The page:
"Until you actually see someone bind a child's hands behind their back and bind their feet together and push their head underwater, you know, that's when the emotional gravity and the stakes of what [the divers] were attempting really came home for me," says Vasarhelyi. The footage also shows the end stages of each child emerging from the water, with hundreds of people supporting the effort to lift them out of the mouth of the cave.
"[When] you see 200 people passing a child and you see the child's face underneath the mask, it just makes it very clear the scope and the size and the scale of this rescue and how and why you needed so many people to support these 10 divers, and how so many different people came together to do this impossible task."
The boys and their coach were given a combination of Xanax, ketamine and atropine. Dr Harris had no idea if it was going to work. But it was their only option.
"None of these options were good, but that was what we were faced with," says Volanthen. "I was incredibly uncomfortable and I would have liked, if I'm honest, to abdicate the responsibility. But I genuinely felt that Rick, myself and the rest of the dive team, we provided probably the best option the children had for life.
"At the time, I wasn't expecting to be 100% successful; I think it was the American military that said if we save one out of 13, that will be considered a success. Now there's no way, of course, we would have continued with the same process, not succeeding. But that gives some idea of the unusualness and the severity of the situation."
Telling this part of the story was bittersweet, says Vasarhelyi. "Doctor Harris, he would never practise again if he had killed one of those kids… and he was fully aware of the psychological risk, everyone was. But it was the right thing to do to try because they were really the only people in the world who could."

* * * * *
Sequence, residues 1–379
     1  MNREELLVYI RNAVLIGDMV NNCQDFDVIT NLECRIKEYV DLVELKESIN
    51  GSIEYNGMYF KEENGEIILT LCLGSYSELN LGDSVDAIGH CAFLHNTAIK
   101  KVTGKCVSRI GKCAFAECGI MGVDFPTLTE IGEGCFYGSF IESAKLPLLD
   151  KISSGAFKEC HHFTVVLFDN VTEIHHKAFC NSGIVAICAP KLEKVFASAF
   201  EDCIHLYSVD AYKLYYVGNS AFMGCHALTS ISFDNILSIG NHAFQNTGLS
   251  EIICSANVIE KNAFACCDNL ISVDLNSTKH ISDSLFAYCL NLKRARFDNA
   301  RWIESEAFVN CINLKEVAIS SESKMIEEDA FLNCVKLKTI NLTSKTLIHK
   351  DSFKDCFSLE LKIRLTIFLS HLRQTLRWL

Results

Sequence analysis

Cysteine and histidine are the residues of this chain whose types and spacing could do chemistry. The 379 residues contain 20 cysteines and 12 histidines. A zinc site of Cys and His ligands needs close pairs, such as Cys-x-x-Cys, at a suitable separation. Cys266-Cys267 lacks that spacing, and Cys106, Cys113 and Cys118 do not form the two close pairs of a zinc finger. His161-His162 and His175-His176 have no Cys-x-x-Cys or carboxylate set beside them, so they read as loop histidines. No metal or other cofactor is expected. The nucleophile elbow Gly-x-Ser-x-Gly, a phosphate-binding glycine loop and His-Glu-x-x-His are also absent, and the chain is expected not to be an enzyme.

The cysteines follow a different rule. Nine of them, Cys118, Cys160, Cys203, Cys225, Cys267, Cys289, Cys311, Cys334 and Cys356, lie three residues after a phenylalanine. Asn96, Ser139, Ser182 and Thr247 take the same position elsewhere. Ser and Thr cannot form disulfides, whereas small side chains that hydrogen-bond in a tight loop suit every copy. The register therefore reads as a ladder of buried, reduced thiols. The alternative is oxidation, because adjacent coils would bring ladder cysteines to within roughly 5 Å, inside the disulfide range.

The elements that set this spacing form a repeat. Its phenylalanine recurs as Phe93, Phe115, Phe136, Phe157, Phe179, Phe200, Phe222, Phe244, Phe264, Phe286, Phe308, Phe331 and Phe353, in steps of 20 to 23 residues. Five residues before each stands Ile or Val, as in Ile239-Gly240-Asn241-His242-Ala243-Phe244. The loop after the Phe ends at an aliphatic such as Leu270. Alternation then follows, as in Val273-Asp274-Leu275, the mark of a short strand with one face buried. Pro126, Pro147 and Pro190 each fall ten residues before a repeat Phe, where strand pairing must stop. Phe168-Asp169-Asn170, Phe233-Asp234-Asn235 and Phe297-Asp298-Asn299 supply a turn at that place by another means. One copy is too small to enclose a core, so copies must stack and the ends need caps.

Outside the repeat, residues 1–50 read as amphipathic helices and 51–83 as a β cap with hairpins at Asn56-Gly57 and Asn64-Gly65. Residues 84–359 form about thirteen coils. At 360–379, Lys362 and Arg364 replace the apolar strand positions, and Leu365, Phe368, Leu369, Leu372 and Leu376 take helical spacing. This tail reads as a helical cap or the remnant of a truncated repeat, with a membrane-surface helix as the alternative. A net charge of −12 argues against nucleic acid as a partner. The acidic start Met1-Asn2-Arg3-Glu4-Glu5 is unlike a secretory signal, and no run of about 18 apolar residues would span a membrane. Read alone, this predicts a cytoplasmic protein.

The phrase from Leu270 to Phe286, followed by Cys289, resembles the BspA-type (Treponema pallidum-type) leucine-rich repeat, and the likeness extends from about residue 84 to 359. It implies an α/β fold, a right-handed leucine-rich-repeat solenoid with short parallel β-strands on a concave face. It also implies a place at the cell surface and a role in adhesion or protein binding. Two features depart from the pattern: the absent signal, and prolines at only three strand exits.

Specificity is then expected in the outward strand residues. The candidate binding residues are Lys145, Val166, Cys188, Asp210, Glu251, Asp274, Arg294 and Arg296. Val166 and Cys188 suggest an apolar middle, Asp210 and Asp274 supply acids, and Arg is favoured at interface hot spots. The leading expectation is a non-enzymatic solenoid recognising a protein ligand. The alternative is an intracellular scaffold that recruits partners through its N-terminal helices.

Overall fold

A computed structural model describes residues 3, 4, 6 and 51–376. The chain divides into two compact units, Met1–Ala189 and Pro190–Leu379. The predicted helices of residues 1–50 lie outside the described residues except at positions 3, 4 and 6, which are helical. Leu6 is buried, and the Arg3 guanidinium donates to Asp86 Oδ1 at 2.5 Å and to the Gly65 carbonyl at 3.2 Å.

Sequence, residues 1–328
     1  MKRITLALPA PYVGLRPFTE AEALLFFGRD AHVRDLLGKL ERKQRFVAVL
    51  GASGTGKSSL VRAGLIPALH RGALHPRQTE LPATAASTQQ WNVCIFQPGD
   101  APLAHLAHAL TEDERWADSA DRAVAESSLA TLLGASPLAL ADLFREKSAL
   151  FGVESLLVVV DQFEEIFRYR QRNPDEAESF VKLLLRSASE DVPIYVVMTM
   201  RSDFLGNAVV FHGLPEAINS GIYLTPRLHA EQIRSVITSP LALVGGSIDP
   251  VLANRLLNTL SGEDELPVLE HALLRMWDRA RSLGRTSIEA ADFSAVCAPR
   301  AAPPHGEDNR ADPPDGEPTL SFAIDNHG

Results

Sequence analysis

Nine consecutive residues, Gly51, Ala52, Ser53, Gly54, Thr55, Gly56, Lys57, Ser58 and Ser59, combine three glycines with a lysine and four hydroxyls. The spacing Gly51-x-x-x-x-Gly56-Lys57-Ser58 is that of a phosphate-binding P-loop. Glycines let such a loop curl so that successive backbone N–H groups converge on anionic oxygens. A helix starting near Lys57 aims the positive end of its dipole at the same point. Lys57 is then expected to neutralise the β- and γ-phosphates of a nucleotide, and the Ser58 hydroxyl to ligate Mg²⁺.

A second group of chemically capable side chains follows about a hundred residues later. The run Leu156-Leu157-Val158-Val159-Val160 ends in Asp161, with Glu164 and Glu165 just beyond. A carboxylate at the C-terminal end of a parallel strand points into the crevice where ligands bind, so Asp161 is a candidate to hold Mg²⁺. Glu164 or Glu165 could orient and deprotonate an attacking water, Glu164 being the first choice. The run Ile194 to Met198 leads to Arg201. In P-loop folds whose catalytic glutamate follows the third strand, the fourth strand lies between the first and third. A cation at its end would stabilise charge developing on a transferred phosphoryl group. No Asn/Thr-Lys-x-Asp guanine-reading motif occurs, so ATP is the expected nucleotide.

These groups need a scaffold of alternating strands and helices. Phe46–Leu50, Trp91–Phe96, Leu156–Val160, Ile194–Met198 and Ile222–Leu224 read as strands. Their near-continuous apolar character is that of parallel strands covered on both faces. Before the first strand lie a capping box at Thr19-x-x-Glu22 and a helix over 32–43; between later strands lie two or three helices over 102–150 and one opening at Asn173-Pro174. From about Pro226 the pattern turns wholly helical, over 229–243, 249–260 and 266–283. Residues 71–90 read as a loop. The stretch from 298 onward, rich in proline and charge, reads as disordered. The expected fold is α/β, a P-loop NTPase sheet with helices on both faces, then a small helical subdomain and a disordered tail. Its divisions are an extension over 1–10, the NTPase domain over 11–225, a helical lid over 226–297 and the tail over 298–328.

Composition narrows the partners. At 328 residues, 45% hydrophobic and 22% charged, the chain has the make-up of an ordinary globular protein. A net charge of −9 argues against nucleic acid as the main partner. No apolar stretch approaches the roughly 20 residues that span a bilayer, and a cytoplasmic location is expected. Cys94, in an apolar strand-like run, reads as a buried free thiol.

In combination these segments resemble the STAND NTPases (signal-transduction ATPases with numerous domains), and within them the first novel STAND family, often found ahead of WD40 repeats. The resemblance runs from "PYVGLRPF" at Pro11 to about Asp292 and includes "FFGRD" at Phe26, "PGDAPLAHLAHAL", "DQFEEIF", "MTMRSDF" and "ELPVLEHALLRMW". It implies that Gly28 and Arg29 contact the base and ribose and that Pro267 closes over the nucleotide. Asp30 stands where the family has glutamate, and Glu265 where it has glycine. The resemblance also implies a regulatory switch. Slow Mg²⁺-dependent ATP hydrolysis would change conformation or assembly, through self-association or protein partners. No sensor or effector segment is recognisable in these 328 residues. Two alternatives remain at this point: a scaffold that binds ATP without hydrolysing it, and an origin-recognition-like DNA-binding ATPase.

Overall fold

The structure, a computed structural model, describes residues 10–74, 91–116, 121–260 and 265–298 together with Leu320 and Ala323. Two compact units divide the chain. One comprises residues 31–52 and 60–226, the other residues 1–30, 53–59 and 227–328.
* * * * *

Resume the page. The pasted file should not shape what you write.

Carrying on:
'Being fearful isn't a bad thing'
The divers were each assigned a boy to pull through the submerged tunnels of the cave system. The film depicts how hazardous and uncertain the rescue was – one diver even stabbed himself with a ketamine syringe, which fortunately wasn't connected.
They are all used to being in confined spaces underwater and come across as calm, matter-of-fact. One diver at the end talks about how the documentary shows that being unemotional can be a good thing. But Volanthen says that didn't stop them being scared when they had other lives to consider.
"I was fearful every second that I held the boy underwater. There's absolutely no question I was fearful from the second we submerged… till the second when we handed the boys over to the American military and asked the question, 'they're still breathing, aren't they?' 'Yes.' Then relax. Perhaps the risk to our lives was something that we're used to, perhaps not extraordinary, but the risks to the boy's life… each of those boys, they were in mortal danger every second they were underwater.
"So I was very much aware of my responsibility. And being fearful of something isn't a bad thing because that fear can be awareness. If you weren't fearful for that boy's safety, then something was very wrong. And we were all equally diligent and all equally able to bring those boys out in the end."
Vasarhelyi went to Thailand to see the cave herself. Although their accounts do not feature in the film, she also met some of the boys during her research.
"It was a very important experience to me, one being able to walk the cave and understand again the sheer scale of the operation, and also understand how enchanting the cave is," she says. "I know exactly why those boys went in there. It's fun, it's a great adventure. And it was like their backyard.
"I was left with this one kind of anecdotal impression from the children where they talked about how they would role play [while they were trapped in the cave] and pretend to be each other's parents, when they really missed their parents, and that just brings tears to my eyes every single time.
"Those children are very strong. I mean, they had tough lives. And I think that definitely contributed to their ability to survive."
National Geographic documentary film The Rescue is out in cinemas now